1:32 was once so common a scale for toy trains, autos, and soldiers that it was known as “standard size” in the industry. 1:32 is a common scale for agricultural vehicles manufactured by Siku and Britains. 1:32 was also the scale used for slot car racing, I had a lot of fun as a kid racing Scalextric cars around the track (I had a BMW 3.0 CSL, an Austin Healey and a six wheeled Tyrell-Ford), I don’t have any Scalextric now 😦 , but I do have around a dozen model cars in 1:32 scale.
In my collection I have more models of Mustangs, Corvettes and 911s than any others. Above an example of each in 1:32.
Kinsmart have a range of scales from 1:32 to 1:40, I think their intention is to have all there cars roughly the same size, so the smaller cars in real life are more likely to be scaled in 1:32 like the AC Cobra and Lotus Exige.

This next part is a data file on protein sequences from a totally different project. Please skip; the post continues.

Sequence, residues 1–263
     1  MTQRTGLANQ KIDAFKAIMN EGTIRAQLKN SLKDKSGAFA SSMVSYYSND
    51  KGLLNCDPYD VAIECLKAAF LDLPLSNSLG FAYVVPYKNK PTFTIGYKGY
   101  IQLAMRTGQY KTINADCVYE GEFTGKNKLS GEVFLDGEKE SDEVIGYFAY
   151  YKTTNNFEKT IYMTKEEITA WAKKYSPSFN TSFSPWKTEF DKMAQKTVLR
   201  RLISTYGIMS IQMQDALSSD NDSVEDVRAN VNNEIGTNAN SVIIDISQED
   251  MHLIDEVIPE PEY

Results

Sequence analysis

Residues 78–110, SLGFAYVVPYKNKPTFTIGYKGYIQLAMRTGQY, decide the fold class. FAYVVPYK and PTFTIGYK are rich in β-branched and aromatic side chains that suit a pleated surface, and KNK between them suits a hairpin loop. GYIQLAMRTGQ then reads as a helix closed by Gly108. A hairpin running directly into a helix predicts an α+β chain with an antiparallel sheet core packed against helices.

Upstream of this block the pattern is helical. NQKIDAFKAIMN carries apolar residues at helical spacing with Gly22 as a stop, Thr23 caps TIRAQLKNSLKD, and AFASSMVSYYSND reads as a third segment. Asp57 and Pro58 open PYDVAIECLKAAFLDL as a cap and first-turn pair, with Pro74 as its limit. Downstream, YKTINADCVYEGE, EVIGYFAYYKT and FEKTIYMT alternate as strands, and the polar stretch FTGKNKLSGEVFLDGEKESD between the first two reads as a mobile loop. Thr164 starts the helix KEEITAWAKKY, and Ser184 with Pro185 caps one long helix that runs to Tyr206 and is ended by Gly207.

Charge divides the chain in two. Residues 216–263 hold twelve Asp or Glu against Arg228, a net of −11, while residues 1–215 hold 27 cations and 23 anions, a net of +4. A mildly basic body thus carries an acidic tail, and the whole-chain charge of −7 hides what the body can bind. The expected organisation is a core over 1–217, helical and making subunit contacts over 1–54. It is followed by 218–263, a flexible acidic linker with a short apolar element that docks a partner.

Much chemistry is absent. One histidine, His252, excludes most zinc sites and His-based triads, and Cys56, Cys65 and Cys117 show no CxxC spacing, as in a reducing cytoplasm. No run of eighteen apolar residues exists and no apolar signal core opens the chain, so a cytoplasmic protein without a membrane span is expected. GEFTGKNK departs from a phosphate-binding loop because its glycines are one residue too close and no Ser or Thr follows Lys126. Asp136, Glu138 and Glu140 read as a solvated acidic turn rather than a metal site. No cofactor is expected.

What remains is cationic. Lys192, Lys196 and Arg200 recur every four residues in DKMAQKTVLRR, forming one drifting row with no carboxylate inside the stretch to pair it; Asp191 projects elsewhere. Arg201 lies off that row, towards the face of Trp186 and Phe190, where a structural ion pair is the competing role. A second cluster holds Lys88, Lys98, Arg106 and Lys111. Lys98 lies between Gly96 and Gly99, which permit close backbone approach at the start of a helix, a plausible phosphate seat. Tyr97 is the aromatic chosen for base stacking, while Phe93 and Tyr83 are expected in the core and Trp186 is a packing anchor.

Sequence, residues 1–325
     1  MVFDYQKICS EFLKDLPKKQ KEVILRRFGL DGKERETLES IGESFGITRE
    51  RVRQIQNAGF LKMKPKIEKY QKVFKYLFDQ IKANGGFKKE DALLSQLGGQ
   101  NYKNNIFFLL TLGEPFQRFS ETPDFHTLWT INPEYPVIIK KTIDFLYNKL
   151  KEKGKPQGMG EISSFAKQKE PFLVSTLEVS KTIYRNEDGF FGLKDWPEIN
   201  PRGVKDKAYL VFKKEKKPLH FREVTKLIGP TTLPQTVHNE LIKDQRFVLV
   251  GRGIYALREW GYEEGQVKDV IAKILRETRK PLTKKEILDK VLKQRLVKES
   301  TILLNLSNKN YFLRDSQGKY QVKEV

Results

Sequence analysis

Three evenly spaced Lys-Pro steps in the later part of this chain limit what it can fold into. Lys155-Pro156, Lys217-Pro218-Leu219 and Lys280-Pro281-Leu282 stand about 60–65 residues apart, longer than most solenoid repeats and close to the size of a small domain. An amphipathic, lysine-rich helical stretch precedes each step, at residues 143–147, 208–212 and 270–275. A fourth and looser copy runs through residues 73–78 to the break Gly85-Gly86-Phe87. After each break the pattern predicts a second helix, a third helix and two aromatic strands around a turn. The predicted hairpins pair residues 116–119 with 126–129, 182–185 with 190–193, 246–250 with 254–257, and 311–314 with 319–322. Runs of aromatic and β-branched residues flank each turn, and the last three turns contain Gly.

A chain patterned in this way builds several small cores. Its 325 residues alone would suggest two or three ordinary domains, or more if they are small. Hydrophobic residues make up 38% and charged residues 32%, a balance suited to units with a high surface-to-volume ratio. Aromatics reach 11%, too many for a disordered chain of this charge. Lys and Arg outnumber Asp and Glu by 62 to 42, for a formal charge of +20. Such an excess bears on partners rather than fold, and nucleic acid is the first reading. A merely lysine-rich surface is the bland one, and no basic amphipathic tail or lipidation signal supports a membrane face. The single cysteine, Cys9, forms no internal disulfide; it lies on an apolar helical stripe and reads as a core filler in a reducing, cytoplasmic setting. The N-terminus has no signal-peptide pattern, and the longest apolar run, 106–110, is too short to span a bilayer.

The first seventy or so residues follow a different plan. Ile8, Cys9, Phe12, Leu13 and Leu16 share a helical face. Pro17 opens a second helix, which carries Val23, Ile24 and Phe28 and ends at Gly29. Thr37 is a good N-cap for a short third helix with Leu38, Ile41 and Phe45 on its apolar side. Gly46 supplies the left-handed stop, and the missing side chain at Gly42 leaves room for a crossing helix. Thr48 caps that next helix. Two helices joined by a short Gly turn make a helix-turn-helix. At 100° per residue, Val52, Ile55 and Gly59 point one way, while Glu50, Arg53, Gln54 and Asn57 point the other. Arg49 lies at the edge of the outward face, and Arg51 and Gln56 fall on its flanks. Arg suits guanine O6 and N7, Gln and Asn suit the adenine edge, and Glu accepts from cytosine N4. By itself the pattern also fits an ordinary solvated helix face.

Bburago have many models at 1:32. I know someone who likes this Capri:
1:32 doesn’t offer the same level of detail as 1:24, but it takes up less space. I know, just call me Captain Bleedin’ Obvious.
Last week, I picked up a few figures in 1:32 with the idea of possibly making some dioramas in the future or adding extra interest to my photos of model cars.
The rationalisation of hobby scales has been gradual and organic—largely driven by clubs lobbying industry, as well as tradition, and indirectly, consumer demand. 1:32 was a common scale for military vehicles when I was a child, but now they tend to be 1:35. As a child my friends and I used to line up 1:32 soldiers in two camps and then mow them down with diecast cars (in around 1:64 scale). Military vehicles are outside my interests these days, I prefer to collect model sports cars, a Lamborghini Miura holds more attraction for me than a T34 tank.